Other early settlers at Conewago were: Peter Middlekauff, David Young,  Michael Will, Ludwig Schreiber, John Jacob Kuntz all from Montgomery County. Martin Kitzmiller from Lancaster County, Peter Ohler, Conrod Eckert, George Froschauer, John George Kuntz, John Morgenstern, Henry and Abraham Sell, Andrew Herger, Conrod Dottora, Peter Risher, Adam Miller, Jacob Benker (Bankert), George Mause, John Jacob Feeser, George Sponseller and Peter Little. 

Many of the settlers bought their lands from Digges while others purchased tracts from the Penns. Their homes were made miserable by the turmoil arising out of the disputes between Digges and other settlers; which were aggravated by the conflicting claims of Penn and Lord Baltimore to the proprietorship. For many years the region was known as the "disputed land" and there was naturally much lawlessness  In 1752 forty persons lived within the limits of York County on tracts sold under Maryland rights. The Commissioners of York County undertook to collect taxes from the above as living north of the temporary line, but the provincial authorities prevented it on the ground that they held under Maryland rights and could not be taxed by Pennsylvania authority until final settlement. Andrew Shriver along with a number of his neighbors paid taxes to Maryland.  His deed from Digges bearing the date of Nov. 15th 1749, was recorded in Baltimore County Maryland.  There is a lapse of 15 years from the date of purchase until Shriver received a deed. This is exlained by the fact that Digges had mortgaged "Digges' Choice" to Charles Carroll of Annapolis and Squire Dulaney. This mortgage was not satisfied until 1749óhence Digges could not give clear title before that date. The deed also provided for rents to the Proprietor of Maryland.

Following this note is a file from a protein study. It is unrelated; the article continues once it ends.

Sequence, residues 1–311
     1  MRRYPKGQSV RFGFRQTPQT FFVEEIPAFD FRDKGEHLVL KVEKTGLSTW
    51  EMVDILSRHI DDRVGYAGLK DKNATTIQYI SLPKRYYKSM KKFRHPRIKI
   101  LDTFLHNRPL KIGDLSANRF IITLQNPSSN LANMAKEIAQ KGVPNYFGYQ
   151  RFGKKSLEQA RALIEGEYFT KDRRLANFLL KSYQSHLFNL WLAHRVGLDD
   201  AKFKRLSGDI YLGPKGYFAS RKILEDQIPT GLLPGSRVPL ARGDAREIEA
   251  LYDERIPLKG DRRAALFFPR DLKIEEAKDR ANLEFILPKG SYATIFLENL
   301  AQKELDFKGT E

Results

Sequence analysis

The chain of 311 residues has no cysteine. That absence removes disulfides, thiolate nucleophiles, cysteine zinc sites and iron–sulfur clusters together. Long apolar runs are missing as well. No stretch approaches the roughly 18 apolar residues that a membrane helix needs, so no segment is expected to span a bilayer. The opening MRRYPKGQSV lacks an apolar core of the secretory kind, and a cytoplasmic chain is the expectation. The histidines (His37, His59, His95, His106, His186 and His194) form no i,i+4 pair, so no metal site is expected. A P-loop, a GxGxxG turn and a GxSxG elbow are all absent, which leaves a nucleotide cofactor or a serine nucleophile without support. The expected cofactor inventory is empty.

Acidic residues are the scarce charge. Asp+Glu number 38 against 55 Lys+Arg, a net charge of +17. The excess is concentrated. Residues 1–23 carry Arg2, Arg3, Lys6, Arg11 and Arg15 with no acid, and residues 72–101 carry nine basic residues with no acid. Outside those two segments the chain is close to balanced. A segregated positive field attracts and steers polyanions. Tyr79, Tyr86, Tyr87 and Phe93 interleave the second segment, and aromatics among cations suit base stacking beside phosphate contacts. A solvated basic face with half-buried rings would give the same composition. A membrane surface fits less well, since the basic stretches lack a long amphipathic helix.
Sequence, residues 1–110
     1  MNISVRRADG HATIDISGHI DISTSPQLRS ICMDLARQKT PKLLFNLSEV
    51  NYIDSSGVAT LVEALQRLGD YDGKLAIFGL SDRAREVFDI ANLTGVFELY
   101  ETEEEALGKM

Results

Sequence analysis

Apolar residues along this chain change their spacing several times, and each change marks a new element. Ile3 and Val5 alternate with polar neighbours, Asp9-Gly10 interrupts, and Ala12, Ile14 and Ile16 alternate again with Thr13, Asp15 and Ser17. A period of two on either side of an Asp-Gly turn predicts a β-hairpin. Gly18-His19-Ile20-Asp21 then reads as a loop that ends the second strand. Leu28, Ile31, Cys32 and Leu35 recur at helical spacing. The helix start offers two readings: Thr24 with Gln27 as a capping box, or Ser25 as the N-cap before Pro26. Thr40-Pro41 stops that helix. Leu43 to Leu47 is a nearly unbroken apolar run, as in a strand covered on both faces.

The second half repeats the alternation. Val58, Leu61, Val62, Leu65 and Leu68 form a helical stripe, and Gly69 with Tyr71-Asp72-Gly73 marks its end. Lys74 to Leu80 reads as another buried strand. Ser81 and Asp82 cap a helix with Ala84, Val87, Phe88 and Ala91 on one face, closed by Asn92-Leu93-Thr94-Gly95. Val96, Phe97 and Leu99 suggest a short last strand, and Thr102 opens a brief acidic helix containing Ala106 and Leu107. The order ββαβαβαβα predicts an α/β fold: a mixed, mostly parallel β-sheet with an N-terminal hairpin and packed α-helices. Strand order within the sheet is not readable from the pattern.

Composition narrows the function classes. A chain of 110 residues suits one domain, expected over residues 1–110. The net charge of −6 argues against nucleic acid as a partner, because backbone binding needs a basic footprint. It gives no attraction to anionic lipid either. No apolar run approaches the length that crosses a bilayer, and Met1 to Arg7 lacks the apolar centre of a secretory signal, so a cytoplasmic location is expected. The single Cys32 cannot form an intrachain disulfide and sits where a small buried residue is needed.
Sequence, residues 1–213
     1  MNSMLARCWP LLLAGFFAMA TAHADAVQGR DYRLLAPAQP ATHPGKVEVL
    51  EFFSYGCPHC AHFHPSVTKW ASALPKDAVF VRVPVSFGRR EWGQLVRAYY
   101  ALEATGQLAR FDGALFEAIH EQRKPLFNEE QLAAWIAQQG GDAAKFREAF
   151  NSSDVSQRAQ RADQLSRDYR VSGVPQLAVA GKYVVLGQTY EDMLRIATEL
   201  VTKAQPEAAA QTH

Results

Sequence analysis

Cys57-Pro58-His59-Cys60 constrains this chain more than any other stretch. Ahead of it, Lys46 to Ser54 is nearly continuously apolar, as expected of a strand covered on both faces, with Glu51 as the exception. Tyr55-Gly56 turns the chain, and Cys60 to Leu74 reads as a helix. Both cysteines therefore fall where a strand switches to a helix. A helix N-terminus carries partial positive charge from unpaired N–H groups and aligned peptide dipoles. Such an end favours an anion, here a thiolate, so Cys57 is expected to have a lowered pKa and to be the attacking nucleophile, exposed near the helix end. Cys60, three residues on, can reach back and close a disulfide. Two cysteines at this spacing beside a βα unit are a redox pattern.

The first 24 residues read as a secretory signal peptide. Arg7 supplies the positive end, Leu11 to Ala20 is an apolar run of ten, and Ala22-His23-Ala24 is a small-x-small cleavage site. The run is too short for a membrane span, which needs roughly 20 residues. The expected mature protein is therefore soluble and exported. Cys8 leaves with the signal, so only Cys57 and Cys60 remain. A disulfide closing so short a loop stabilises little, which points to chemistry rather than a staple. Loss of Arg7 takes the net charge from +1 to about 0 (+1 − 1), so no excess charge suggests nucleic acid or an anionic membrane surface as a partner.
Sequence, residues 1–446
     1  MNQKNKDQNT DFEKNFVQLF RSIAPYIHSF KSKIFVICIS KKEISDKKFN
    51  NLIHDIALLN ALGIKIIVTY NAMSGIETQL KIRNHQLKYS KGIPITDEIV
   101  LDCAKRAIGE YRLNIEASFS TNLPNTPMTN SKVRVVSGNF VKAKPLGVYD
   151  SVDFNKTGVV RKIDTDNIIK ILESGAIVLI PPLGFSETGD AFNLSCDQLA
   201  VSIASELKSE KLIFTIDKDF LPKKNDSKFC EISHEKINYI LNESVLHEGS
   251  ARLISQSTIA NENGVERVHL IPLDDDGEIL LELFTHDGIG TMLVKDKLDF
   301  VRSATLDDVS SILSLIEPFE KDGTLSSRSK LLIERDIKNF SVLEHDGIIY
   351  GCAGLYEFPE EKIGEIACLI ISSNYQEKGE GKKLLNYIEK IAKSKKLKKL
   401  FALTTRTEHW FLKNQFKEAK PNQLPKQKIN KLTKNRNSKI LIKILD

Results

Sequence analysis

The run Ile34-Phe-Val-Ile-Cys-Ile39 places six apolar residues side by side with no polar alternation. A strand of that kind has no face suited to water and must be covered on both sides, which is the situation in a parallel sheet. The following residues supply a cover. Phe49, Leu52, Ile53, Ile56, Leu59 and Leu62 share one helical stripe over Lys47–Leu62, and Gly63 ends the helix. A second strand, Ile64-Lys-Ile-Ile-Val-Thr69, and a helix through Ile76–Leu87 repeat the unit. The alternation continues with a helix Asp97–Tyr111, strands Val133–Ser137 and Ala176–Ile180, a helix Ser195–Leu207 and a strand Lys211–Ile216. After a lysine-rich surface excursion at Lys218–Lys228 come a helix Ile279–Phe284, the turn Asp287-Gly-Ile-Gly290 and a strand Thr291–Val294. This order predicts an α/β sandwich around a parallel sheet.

On February 26th, 1752 Dudley Digges the son of John Digges was killed  in a fight wits Martin Kitzmiller and his sons Jacob, John, George and Leonard. Kitzmiller had bought his tract from John Lemmon in 1736. Lemmon had recognized the right of Digges to the land but had not paid Digges for the land when he sold it to Kitzmiller.  When Kitzmiller came into the possession of the improvements he refused to acknowledge Digges' rights to the land and secured a warrant from the Penns for the 100 acres.  This plantation including a mill and a blacksmith shop, lay entirely outside the limits of Digges' original survey but within the bounds of the resurvay.  Accordingly Digges sought to force payment from Kitzmiller and the killing of young Digges resulted. The Kitzmillers were freed of the murder charge by the court at York. The running of the Mason and Dixon line in 1767 put an end to these border troubles forever.